President Trump has instead reverted to criticising the Federal Reserve, saying its ‘high interest rates keeps the dollar high.’ The president subsequently accused the Fed chairman of a ‘horrendous lack of vision.’
Flight to safety floors bond yields
Such sniping further unnerves already jittery investors who have been opting to ditch risky assets and pile into traditional safe havens including the US dollar and the Japanese yen, gold and government bonds.
The resulting inversion of sovereign debt yield curves is flashing up another warning light, on top of the alarm bells set off by politicians’ populist and protectionist moves and their attempts at intervening in central bank policy. The upside-down curves are traditionally a sign of impending recession.
Where does all that leave the central banks? In the emerging markets, at least seven central banks have cut their key rates since July. New Zealand and Australia have joined in. More of a bellwether, the Fed has cut its key rate, but the rhetoric that accompanied this decision was not seen as sufficiently dovish by markets to lift spirits and hopes for the outlook.
All eyes are now on an expected – appropriate – loosening of monetary policy by the ECB in September. Before that, markets will scrutinise the 22-24 August Jackson Hole symposium for any guidance on the ‘challenges for monetary policy’ which is the theme of this year’s meeting of central bankers and other policymakers in the US state of Wyoming.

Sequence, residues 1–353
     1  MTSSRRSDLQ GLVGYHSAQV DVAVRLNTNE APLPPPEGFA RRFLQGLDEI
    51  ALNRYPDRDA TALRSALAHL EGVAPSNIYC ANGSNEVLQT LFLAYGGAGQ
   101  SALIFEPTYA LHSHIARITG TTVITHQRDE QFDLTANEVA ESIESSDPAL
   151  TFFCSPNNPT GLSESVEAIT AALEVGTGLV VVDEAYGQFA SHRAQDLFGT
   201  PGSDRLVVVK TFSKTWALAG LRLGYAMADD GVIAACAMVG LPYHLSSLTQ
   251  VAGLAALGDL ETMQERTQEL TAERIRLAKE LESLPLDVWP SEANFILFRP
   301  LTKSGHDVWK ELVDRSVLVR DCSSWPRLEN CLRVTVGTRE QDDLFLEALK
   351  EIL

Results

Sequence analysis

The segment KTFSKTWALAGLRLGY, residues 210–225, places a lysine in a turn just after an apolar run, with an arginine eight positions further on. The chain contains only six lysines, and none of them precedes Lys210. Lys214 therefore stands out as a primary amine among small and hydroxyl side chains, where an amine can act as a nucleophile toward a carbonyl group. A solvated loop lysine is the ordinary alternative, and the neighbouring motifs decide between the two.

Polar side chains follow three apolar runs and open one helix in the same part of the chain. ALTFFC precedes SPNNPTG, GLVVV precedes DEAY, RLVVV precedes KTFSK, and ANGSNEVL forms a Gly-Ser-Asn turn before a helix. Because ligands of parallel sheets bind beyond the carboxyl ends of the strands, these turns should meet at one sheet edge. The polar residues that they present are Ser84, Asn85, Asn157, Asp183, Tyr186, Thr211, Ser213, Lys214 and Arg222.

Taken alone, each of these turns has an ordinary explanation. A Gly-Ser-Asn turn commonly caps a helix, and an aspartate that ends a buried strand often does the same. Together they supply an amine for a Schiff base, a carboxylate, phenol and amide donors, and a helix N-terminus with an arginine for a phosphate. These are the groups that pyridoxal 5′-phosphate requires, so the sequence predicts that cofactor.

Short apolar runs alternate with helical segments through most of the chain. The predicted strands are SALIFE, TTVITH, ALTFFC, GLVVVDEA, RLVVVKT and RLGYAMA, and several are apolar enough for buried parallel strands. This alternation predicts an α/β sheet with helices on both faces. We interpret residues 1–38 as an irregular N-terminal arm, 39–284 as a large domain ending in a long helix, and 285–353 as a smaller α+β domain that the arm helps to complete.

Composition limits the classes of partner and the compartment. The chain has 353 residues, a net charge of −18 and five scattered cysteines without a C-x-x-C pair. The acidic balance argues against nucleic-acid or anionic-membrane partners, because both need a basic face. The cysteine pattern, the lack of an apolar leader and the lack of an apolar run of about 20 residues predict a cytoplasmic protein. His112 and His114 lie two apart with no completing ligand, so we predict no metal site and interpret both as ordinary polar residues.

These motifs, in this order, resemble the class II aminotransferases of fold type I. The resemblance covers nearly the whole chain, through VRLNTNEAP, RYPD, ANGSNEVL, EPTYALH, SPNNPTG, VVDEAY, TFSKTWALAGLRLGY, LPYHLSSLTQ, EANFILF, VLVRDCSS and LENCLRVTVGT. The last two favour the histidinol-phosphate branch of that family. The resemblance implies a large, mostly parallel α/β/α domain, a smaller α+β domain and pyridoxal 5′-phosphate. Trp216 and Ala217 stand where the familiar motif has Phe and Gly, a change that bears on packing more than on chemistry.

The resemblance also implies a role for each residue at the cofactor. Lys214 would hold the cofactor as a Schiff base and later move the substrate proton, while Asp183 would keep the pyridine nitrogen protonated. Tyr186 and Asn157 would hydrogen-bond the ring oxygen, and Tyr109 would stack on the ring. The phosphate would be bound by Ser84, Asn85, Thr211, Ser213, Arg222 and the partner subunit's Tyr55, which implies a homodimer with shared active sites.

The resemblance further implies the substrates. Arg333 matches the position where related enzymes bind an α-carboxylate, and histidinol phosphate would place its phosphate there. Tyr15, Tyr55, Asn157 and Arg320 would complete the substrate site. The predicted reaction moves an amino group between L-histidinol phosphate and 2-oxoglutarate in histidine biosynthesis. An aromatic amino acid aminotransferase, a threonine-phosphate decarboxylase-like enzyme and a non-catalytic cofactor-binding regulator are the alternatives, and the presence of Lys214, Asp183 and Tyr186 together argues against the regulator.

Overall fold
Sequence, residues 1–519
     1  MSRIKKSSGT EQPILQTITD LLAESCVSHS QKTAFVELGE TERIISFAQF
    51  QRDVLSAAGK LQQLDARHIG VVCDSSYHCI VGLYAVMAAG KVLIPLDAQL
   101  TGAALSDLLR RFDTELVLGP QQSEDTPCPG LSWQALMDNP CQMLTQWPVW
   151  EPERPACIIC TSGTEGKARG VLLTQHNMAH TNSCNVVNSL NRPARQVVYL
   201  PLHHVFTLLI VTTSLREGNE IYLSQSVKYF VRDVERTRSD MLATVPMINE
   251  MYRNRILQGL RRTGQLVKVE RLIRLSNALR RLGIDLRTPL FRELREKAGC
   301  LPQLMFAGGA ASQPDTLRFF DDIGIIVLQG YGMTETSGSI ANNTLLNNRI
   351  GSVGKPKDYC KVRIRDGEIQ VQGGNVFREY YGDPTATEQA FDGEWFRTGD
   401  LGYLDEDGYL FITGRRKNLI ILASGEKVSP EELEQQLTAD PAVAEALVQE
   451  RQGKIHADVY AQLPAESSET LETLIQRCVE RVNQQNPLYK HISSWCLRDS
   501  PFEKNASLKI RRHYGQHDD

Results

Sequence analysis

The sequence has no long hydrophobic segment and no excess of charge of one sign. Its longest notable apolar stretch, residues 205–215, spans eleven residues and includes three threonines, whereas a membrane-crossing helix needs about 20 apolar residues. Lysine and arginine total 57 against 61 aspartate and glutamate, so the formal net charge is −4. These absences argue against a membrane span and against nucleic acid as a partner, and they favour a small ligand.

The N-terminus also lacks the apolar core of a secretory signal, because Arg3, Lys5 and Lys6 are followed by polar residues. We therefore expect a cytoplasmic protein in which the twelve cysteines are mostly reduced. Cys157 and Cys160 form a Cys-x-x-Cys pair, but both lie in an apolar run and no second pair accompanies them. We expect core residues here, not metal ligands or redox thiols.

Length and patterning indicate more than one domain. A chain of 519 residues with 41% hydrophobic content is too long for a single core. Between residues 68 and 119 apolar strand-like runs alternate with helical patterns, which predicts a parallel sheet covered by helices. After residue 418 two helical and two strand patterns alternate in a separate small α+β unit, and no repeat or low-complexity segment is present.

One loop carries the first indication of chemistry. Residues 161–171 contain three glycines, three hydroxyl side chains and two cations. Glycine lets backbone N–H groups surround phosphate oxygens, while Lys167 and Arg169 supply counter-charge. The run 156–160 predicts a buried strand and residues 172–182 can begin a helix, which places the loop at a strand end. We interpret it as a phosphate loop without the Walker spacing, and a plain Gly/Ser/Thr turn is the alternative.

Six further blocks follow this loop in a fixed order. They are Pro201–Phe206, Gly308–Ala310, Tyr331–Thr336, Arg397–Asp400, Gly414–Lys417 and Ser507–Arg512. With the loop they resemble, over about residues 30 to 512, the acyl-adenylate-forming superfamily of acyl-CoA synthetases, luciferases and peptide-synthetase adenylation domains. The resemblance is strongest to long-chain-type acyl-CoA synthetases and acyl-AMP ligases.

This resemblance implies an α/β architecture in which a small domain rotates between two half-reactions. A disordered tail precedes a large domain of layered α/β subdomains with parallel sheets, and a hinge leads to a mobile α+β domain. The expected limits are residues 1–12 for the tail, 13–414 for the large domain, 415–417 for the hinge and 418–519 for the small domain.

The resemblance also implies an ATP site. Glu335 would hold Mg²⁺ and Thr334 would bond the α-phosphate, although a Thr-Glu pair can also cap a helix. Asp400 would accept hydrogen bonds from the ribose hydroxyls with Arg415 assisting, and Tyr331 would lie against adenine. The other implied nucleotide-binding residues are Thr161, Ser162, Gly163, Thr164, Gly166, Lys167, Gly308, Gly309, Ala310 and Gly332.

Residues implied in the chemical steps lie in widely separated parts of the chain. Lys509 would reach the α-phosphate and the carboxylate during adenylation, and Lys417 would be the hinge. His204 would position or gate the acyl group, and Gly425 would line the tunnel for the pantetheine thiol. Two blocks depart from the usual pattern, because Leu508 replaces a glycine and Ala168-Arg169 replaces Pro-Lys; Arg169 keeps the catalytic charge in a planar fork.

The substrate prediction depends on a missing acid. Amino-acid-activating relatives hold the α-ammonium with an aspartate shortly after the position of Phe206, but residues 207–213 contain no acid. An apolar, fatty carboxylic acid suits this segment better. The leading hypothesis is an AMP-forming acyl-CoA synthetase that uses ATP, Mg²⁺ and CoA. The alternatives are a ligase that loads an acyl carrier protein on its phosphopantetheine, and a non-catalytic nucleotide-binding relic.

And what about investing?
Where does all this leave investors? Quaking in their boots? Hugging the sidelines? Hoping for central banks to come to the rescue even though their room to manoeuvre on interest rates is limited and stimulus through quantitative easing (QE) would push bond yields even lower?
Given the long list of unresolved issues highlighted above, a sense of unpredictability as well-trodden paths (in politics and international relations) are abandoned, and concerns that there is no end in sight to upheaval and instability, uncertainty appears to be the new constant for markets and investors.
Opportunism and pragmatism might have to take over in investors’ search for yield. This would make tactical exposure the predominant approach in earning short-term returns, much as tactics now seem to be the way to go in managing many economies. For more strategic positions, equally strong convictions and nerves would appear to be the current prerequisites. Will fortune favour the brave?
For more articles by Nathalie Benatia, click here > For more charts of the week, click here > To discover our funds and select the ones that meet your requirements, click here > Any views expressed here are those of the author as of the date of publication, are based on available information, and are subject to change without notice. Individual portfolio management teams may hold different views and may take different investment decisions for different clients.